Flourishing Fort Williams

Fort Williams Library (FWL) is situated in the town center’s tree lined pedestrian precinct.


By an interesting mural, pretty purple doors part beneath bilingual greetings

Next to Ben Nevis, Scotland (and the UK’s) tallest mountain, FWL serves the municipality’s 10,000 people and used to be funded by its council, but is now one of 49 stationary and mobile facilities sharing resources and a unified catalog through High Life Highland (HLH), the agency responsible for adult education, culture, well being and recreation in the region.

In the foyer, a bulletin board heralds upcoming events in the vicinity.  I browsed the rack of brochures then passed into a large room with lots of natural light from panes in the raised ceiling.

IMG_0940Right by the front, New Stock and recommendations on end caps lure you in.  Signs on portable stacks announce categories like Romance and Health and an overhead big screen TV keeps you aware of current happenings.

On one level, Leabharlann a’ Ghearasdain as it’s known in the native tongue (sadly spoken by less than ten percent of the population these days) is tidy and friendly with free wifi, a microfiche, scanner and ten busy computers that are available for tourists and inhabitants alike.IMG_0939On little tables, a binder tells you “What’s going on in Lochaber” (the area around Fort Williams) and a suggestion box invites comments while the presentation panels display the results of a recent customer feedback questionnaire.  Ensuing actions range from more Lego clubs, magazines and volunteer opportunities for adolescents to a Code Club for tweens and simplification of book sale prices (just pay what you can now!).  According to the survey, 70 percent of respondents come weekly at least, and if not for HLH, around 40 percent wouldn’t have access to a PC or internet.  But as the comments make clear, the system brings additional benefits – a homeless person feels it’s a welcoming spot to spend the day and another user appreciates the human contact and says it’s always a pleasure.


The spinner contains ordnance survey maps for the many hillwalkers to consult

Continually striving for satisfied patrons, HLH employs mystery shoppers.  Even using exacting standards, such as helping someone within five minutes, reports are quite positive, though street signage will be improved – a good way to bring in new members.

At the circulation desk, I spoke to the two cheery and informative library assistants.IMG_0929Nicola and Emma explained that HLH has vans to move things around since they can be dropped off at any site.  Fort Williams is the second largest settlement in the northwest, so gets delivery each Thursday and second Monday while the main city, Inverness, gets it daily.  New acquisitions often go back to their original home, but otherwise items stay so supplies are constantly refreshed, one more advantage of connecting so many locations.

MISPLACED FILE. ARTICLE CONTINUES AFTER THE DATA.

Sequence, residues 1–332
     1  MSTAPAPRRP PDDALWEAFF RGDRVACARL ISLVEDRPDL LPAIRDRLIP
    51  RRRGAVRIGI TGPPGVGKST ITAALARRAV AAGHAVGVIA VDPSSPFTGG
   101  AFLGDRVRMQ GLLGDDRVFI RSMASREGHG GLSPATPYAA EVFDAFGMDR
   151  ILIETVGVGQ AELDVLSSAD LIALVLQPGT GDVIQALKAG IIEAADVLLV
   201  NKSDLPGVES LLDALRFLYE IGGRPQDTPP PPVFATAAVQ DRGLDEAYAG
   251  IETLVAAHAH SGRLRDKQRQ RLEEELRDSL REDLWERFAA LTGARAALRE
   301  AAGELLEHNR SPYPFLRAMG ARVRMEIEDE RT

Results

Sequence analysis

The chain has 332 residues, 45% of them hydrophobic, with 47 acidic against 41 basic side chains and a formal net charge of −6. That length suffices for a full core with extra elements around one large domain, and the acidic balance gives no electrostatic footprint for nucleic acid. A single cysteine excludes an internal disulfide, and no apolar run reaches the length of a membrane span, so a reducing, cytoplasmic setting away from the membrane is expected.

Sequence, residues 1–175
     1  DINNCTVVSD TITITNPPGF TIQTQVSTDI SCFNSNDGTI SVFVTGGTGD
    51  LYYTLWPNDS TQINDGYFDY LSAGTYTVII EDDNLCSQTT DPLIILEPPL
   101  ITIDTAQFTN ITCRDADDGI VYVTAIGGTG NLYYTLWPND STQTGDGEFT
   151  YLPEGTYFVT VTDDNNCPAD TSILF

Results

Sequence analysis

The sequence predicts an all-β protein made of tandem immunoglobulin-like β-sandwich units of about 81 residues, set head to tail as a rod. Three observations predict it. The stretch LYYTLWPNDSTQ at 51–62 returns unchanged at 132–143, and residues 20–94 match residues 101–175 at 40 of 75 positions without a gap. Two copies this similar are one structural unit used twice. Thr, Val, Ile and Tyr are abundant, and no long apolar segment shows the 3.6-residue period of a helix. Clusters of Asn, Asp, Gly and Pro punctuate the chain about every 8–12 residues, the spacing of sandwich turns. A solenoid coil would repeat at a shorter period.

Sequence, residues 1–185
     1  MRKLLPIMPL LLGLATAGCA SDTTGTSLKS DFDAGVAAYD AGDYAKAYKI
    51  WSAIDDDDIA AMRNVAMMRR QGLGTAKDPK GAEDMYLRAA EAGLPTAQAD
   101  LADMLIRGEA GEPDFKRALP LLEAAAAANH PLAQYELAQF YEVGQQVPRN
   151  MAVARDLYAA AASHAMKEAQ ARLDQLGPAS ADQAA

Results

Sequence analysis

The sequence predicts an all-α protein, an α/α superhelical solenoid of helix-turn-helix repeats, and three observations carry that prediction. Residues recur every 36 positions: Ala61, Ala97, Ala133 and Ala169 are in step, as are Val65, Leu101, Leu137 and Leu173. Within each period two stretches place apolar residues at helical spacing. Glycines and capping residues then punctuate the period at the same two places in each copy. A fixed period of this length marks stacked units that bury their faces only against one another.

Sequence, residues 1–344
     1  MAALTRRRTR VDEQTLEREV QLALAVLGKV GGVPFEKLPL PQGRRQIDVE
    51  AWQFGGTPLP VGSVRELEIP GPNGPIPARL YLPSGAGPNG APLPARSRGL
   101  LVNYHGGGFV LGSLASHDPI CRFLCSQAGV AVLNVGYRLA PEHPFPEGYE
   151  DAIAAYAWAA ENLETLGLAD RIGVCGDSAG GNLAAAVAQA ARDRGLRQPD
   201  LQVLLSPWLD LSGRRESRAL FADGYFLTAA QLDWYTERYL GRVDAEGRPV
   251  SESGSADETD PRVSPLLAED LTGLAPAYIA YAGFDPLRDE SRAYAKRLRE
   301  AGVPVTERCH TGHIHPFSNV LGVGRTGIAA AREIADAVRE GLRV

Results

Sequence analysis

Materials are barcoded but people preferred to have a chin wag with staff, so the self check idea was abandoned as was, due to the odd stuff people threw in, an outdoor book return.

Sconces give off a muted glow in this pleasant meeting space.

IMG_1005But the two reading groups, Craft and Chat, author appearances and the weekly adult programs usually happen in the larger Community Room.

HLH institutions put on a wide variety of activities.  Take guitar or mandolin (!) lessons, discover photography and flower arranging, play Scrabble, attend the Mad Hatter’s Tea party or a family bake off, seek college guidance or have fun decorating rocks at Dotty Stones.  Residents enjoy Books and Brews, frequent art days and quiz nights, and go to origami, calligraphy, jewelry making, writing, genealogy and poetry workshops.  Expand your garden at the annual plant swap, get fit at Tai Chi and chair based yoga, or improve your watercolor and advanced knitting techniques.


Gaelic tome

On the website, peruse reviews, Gaelic titles, LGBT volumes, and special collections by branch or download free electronic newspapers, magazines, books, audios and over 19,000 digitized classic comics and graphic novels.  Show support by clicking the donate tab, link to adult learning, or complete an entry form for the writing competition.  The online reference library has a plethora of test, consumer, literary, language, business, research and cultural databases, plus software training videos.IMG_0975FWL has Playaways and lends audios for one pound and DVDs for less than two pounds for two weeks.  It doesn’t cost to place holds or renew and adults can borrow up to 20 items at once for three weeks.  Policy dictates that seniors aren’t charged late fees, under 16’s don’t have fines for adult books, and no one pays on juvenile and teen things!

Facebook is awash in images of HLH at festivals, videos of Teddy Bears’ Summer Camp, advertisements for Technobots, dyslexia advice, drama club and an architecture exhibit as well as cross promotions of district government entities and job postings.  Walking tours, board game nights, assistance for Ipads and smart phones and an intergenerational gathering where the young teach the old computer skills round out the offerings.